I've decided to choose a significant photo (or two or three) from each month I've been in Korea. There were hundreds to choose from, but I tried to pick the ones most meaningful to me. Enjoy!
Ulsan during Chuseok break. This was the very first time I traveled after moving to Jeomchon. It's funny to think about now, but navigating the buses felt like such a huge accomplishment at the time. I'll never forget the sense of relief I felt when I stepped off the bus and successfully met my friends in Ulsan.
Omija festival at the end of Chuseok break last year. At the time I didn't know the other Jeomchoners I went to the festival with very well, which seems so strange to think of now. This was one hell of a way to get to know each other, as the festivities continued on into the next morning and included classic moments such as eating grasshoppers and my first time at noraebang in Jeomchon. It definitely set the tone for the rest of the year, and looking at these festival pictures almost feels like looking at my baby photos now.
The Color Run was my first time going to Seoul and staying with my friend Jackie, who I had only met a month beforehand. It was the first of many legendary weekends that I still think of each time I go to Seoul. This photo reminds me of the beginning of my friendship with not only Jackie, but just about every other person in this photo. Again, I can't help but think "aw, we were such babies then!"
appreciation dinner that was held for all of the teachers in Mungyeong. I'll never forget going to this event and realizing how special it was to be part of such an amazing community. It's funny that I felt so close to everyone at the time, but looking back on it I was still so early into my time here. I think that just goes to show how much everyone welcomed me and made me feel a part of the community so quickly.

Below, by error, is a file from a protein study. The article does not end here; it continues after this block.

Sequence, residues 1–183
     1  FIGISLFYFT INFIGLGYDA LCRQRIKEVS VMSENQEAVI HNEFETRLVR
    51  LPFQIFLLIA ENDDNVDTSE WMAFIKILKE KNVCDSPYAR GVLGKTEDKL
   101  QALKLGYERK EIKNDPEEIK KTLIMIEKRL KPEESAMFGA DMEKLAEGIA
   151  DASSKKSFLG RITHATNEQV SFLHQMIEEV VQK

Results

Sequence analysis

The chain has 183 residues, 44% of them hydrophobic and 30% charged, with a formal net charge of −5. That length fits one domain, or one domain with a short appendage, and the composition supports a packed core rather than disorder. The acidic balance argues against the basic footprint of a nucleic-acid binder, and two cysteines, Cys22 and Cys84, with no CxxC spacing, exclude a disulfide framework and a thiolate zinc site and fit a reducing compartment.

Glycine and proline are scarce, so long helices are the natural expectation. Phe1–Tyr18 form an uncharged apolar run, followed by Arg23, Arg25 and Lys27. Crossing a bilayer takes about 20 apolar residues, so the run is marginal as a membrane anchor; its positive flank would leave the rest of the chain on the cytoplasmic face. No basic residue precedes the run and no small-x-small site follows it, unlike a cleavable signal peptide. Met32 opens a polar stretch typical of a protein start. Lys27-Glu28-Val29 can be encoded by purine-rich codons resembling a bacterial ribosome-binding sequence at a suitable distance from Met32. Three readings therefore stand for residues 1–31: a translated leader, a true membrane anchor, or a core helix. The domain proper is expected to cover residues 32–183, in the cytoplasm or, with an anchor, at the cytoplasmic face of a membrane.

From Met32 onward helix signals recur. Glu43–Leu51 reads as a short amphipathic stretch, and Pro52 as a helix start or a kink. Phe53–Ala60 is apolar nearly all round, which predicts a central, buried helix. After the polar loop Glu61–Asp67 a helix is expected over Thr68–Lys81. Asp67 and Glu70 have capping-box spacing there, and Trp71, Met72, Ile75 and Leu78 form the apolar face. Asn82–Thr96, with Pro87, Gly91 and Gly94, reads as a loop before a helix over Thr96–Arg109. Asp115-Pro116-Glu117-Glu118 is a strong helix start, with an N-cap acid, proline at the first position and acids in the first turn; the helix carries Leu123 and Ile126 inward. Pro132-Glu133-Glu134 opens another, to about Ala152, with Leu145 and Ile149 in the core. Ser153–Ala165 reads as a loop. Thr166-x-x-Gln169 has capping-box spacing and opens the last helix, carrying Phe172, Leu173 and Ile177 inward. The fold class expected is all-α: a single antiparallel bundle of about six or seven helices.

This picture was from the first snowfall, which funny enough was one of the only snowfalls we had during the winter. The students all ran outside like little children bursting with excitement at the sight of the snow. My supervisor insisted on taking this photo with me, and I'm glad she did because she is truly one of the kindest Koreans I've encountered during my time here (and I've met quite a few exceptionally kind Koreans). As the seasons changed and the holiday seasons approached I experienced my first bouts of homesickness, and I'm glad I had wonderful people caring about me at school through those difficult times.
My memories from December of course revolve around Christmas. I was lucky to have a wonderful holiday season, even when I was far from home. The trip to Seoul to see Nutcracker was one I'll never forget, especially since it ended with the best Christmas music noraebang session. When Christmas Eve approached, we had a warm gathering here in Jeomchon--I don't think we could have had a more festive holiday evening. Although I missed my family at home, I didn't feel alone while surrounded by so much love, which in my mind is another testament to the amazing community here in Jeomchon.
January was the month of Thailand! I was so fortunate that my best friend from home could make the trip all the way to the other side of the world to travel with me. We hung out with tigers, rode elephants, and saw tons of amazing temples in our short time. Sometimes I can't believe that we were really there! This was my first time traveling in Asia outside of Korea, and was the first time I realized just how much I had become acclimated to Korea.
February was my friend Jackie's last month in Korea. I was lucky that my school made me do minimal deskwarming and gave me some extra time off, which I then used to take some trips with Jackie and her mom, who was visiting from Hong Kong. Looking at these pictures, it seems strange that it's now been so long since Jackie left. She is one of my best friends I made in Korea, even if we were only in the same country for six months, and I'm so glad that I got to take these last trips with her right before she left.